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  • Patricia Faust

Our Brain's Reaction in These Troubled Times


Global news has been quite grim lately. It is not unusual to hear of new terrorist attacks, mass shootings and other horrific events. How does our brain assimilate this information and allow us to move forward?


Well, this phenomenon has been researched. Result: Our brain has the capacity to assimilate negative information. We have to fight our first reaction of trying to avoid this bad news. If you choose to fight thinking about these events, you will suffer some serious consequences:

· Negativity settles in your stomach, chest and shoulders

· It clutters your thoughts and distracts you from working on the task at hand

· And, you will experience chronic stress and all the physical ailments that accompany it (tense muscles, digestive problems, lethargy)

· Negative stress will exhaust you


The fact is – your brain is able to handle all of this negativity. Researchers found that through repetition, negative words begin to lose their power over a person’s mind, reducing effects on mood and cognition.


There is a proper way to process bad news. Instead of reading a headline and getting upset, keep on reading the entire article so that you repeatedly expose yourself to the negative information. This process allows your brain to digest and understand the information so that it can move on to other concerns in your life.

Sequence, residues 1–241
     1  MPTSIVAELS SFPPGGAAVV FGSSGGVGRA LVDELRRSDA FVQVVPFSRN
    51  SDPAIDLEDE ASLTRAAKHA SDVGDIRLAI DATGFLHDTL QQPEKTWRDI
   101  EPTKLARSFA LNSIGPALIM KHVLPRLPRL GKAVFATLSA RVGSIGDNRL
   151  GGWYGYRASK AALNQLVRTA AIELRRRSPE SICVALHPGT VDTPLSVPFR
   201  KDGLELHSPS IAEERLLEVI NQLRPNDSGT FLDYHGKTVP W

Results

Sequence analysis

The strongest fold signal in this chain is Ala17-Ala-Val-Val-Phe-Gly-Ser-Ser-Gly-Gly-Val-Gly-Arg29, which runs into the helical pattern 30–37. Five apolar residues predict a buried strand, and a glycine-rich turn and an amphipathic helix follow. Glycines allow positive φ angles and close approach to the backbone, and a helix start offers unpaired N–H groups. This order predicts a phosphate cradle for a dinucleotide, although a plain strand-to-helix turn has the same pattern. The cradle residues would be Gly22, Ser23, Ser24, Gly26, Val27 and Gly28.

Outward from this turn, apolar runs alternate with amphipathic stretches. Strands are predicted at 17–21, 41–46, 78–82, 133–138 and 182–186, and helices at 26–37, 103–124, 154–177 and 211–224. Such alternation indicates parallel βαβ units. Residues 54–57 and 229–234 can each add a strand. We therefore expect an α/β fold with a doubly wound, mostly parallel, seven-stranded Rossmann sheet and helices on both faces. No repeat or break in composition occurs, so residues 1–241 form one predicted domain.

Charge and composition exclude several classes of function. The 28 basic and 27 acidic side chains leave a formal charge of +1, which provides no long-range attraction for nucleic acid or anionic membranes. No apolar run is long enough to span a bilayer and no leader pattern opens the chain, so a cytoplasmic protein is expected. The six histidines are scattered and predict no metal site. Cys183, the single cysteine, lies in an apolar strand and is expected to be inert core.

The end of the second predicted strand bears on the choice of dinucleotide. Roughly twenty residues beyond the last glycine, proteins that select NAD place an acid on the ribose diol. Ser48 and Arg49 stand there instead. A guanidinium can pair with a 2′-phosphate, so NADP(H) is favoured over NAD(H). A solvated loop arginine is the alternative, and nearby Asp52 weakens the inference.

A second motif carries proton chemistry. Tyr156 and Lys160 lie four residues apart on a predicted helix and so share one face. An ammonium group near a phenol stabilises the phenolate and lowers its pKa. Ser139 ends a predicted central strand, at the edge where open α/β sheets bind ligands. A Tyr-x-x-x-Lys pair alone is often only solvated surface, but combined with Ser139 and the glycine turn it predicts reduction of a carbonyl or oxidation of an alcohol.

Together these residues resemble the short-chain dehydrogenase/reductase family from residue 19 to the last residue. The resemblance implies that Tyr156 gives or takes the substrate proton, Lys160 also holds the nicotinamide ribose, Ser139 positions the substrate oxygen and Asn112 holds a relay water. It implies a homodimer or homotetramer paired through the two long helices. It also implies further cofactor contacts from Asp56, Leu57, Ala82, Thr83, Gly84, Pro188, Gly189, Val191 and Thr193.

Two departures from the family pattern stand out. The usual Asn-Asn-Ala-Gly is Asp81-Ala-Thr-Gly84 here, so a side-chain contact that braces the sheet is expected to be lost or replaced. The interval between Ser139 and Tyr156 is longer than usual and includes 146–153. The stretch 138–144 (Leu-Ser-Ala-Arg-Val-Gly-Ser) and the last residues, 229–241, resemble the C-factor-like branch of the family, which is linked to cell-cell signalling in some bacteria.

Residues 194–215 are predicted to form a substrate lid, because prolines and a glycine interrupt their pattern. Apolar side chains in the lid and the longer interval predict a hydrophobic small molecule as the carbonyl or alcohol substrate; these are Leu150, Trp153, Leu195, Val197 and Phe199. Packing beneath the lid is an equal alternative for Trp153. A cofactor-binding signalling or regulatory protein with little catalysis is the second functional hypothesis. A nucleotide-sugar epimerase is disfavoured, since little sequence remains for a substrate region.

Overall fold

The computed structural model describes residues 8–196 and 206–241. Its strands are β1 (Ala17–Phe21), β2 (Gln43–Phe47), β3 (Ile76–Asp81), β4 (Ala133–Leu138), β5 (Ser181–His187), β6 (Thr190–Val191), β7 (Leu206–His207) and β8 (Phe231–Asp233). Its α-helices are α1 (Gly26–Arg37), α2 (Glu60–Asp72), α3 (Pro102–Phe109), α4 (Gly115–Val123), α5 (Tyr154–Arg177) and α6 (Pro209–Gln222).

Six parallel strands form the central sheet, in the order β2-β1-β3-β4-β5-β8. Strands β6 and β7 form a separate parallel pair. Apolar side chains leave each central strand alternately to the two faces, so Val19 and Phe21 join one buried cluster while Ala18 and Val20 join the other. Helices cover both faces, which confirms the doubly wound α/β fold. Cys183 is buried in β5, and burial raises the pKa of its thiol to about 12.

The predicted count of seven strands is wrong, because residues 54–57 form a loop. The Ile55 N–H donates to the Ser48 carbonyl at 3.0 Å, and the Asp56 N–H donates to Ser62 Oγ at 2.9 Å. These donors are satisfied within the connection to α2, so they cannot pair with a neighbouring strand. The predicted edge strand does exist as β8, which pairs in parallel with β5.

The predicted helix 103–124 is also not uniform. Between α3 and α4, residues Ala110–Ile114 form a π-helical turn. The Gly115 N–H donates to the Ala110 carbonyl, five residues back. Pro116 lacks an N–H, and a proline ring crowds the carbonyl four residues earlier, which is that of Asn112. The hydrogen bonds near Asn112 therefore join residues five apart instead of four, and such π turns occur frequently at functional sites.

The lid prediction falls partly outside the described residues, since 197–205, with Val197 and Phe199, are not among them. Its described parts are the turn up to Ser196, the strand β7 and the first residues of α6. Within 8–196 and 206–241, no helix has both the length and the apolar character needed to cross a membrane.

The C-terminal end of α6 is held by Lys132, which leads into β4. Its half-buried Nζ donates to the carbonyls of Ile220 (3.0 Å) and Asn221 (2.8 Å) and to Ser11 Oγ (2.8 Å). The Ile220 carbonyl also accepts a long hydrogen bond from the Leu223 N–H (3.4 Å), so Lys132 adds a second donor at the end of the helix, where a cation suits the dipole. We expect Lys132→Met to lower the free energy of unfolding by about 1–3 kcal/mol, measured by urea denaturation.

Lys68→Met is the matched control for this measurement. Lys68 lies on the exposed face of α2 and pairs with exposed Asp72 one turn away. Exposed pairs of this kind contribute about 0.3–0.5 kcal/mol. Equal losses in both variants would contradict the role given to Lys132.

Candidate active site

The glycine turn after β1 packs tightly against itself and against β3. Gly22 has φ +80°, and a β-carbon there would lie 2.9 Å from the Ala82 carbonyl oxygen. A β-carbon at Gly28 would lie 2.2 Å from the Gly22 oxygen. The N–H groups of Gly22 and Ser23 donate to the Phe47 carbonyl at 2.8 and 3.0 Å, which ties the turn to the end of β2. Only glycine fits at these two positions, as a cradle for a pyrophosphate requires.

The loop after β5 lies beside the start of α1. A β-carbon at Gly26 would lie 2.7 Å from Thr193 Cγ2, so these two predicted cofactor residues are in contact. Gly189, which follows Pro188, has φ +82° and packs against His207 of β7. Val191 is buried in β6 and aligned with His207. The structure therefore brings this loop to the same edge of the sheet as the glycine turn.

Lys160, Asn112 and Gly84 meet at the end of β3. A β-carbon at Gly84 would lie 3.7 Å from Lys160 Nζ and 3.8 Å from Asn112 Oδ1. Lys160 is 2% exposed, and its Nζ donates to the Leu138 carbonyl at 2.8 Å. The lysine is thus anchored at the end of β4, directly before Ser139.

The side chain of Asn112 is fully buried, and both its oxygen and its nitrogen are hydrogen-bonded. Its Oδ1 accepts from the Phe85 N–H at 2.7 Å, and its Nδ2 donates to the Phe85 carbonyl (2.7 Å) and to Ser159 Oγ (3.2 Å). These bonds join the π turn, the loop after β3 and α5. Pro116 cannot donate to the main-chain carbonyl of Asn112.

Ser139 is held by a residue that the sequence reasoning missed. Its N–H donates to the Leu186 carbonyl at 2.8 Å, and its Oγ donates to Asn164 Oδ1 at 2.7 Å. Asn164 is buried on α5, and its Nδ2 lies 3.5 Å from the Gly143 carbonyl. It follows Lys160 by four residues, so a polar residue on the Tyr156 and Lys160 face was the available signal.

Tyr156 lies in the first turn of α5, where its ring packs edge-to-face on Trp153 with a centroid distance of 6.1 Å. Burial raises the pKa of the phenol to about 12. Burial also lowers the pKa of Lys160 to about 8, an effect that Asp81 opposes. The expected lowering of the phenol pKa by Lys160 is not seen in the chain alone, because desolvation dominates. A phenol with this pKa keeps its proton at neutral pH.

A center of balance must be achieved here. Your brain can be affected with overexposure to bad news, but underexposure is also damaging. Unfortunately, these negative incidents are a part of out new-normal life. We need to learn how to process this information so that we can move forward with our day.


Reference:

Bundrant,M. (December 12, 2013). Simple trick unleashes your brain’s capacity to handle negativity and bad news (based on research). Retrieved December 3, 2015 from http://www.naturalnews.com/z043215_negativity_bad_news_brain_function.html

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